Polymath Malik Crumpler (who featured recently on our platform) discusses the god like lyrical prowess of one Ghostface Killah on his debut album Ironman. We were stoked Malik agreed to write for us. Indeed we hope Malik blesses us with his lively penmanship again very soon.
It’s been 21 years and counting since the intro’ on Ironman (1996) by Ghostface Killah urgently warned “y’all muthafuckas to keep cool…” But no real MC in 1996 was capable of keeping their cool after dissecting Ironman, bar for bar. Matter of fact, back in ‘96 Ghostface sent every determined MC back to the dojo to independently lose it for years, trying to figure out what the hell happened lyrically on Ironman.
Looking back at it, it’s obvious that the record demanded every MC who “got the message” to get rid of their reliance on traditional forms of rhyming. Once unhinged from the limited traditional techniques of rapping, an MC was free to investigate the boundless architecture of free-form lyricism.
“My technique alone blows doors straight off the hinges…” –Winter Warz
It only took 17 tracks–1 hour 4 minutes and 55 seconds–for Ghostface Killah, Raekwon, Capadonna and some of Wu Tang Clan to launch lyricism on a warp-speed mission into the unexplored regions of rap’s poetic possibility. For that reason alone, Ironman remains the catalyst for investigating the unavoidable challenges of expressing knowledge of self. Although all of Wu Tang’s MCs pushed the boundaries of battle rap and standard storytelling, Ghostface Killah leapt off the planet with bars like,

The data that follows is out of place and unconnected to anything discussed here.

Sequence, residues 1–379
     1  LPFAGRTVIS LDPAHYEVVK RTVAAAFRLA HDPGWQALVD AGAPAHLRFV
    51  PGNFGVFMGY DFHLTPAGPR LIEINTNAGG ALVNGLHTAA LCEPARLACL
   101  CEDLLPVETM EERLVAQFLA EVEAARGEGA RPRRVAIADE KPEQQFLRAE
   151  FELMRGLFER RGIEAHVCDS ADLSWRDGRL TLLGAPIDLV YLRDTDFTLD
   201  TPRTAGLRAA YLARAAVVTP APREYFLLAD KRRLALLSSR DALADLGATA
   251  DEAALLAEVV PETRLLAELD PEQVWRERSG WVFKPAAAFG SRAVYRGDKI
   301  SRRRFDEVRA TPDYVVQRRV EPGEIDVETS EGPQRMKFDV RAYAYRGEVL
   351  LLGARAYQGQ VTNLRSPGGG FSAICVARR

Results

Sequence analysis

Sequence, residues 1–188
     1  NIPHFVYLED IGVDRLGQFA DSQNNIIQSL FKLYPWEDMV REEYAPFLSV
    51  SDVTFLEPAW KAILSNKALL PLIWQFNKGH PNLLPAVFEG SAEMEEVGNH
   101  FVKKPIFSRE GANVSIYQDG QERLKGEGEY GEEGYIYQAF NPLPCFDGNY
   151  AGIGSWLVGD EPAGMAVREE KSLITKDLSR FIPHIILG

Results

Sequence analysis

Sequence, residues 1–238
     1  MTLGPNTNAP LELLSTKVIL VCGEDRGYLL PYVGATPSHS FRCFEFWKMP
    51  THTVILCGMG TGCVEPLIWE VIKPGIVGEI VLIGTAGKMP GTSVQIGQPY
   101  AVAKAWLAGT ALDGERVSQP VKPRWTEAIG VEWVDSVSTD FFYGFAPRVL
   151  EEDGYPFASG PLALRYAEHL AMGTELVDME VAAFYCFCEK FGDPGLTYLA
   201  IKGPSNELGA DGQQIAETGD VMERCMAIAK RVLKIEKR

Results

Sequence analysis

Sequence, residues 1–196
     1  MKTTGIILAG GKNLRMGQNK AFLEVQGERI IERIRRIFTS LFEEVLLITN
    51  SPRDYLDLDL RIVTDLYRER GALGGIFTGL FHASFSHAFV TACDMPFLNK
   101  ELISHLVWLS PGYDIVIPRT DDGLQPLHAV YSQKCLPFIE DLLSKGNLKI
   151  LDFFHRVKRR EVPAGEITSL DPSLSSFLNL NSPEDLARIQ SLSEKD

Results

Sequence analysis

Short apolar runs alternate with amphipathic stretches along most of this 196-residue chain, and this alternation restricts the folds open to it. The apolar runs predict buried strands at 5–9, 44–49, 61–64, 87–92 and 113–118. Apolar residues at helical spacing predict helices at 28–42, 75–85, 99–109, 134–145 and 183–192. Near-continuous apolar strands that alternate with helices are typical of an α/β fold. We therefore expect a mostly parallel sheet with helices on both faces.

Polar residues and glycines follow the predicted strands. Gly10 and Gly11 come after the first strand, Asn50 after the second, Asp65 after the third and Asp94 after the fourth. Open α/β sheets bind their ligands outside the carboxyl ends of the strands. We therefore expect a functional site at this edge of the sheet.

“Mercury raps is roughed then God just shown like taps
Red and white Wally’s that match, bend my baseball hat
Doin’ forever shit like, pissin’ out the window on turnpikes…”-
At 26, Ghostface Killah demolished the boundaries of linear narrative to expand the range of confessional rhyming. While combining contrary perspectives and abandoning similes for sharp unpredictable symbolism, Ghostface broke every rule of rap. Free to pursue the metaphysical pathways Ghostface cleared on Ironman; MCs finally had a blueprint for contemplating the complicated variations of self, to achieve an undefined elevation.
“…That’s the mind that you can’t see. Don’t you know if a man could take and flip himself inside out, God, he’ll fall out and die if he sees all the shit that goes on inside?” Papa Wu
Ghost’ flipped his mind inside out to activate the next evolution of rhyming. Just eight years after Rakim’s 1988 classic, Let The Rhythm Hit ‘Em, birthed a new meditative cadence, Ghostface’s unrestrained flow, unleashed unpredictable environmental details, fresh new slang and rare word choices that struck the ear like abstract expressionist paintings struck the eye in the 1950s. Although in ‘96, Ghost’s style was considered avant-garde, on specific tracks like; Wild Flower, Daytona, Camay, Black Jesus and Soul Controller, Ghostface’s clarity is as deliberate and unashamed as can be.
Achieving the poetic discipline necessary for constructing verses that revolutionized the means of expressing the anxiety, failures, joys and triumphs of life in New York City at that time. The fact that everyone on this album so gracefully pivots the external and internal Yin and Yang cements this album on an entirely different level than any other during the ‘90’s era.
Rarely, if ever, did a rapper on the international stage confront the machismo, egocentrism and self-denial within, like Ghostface did. He was the first to truly address indestructible egomania, the venerable psychological state and the immovable spiritual position of the gods and earths, on wax. In doing so, like all great mythical journeys wherein a catharsis is achieved by the end of the album, Ironman set the bar for a new rap renaissance.
Featured image by TheBigDoe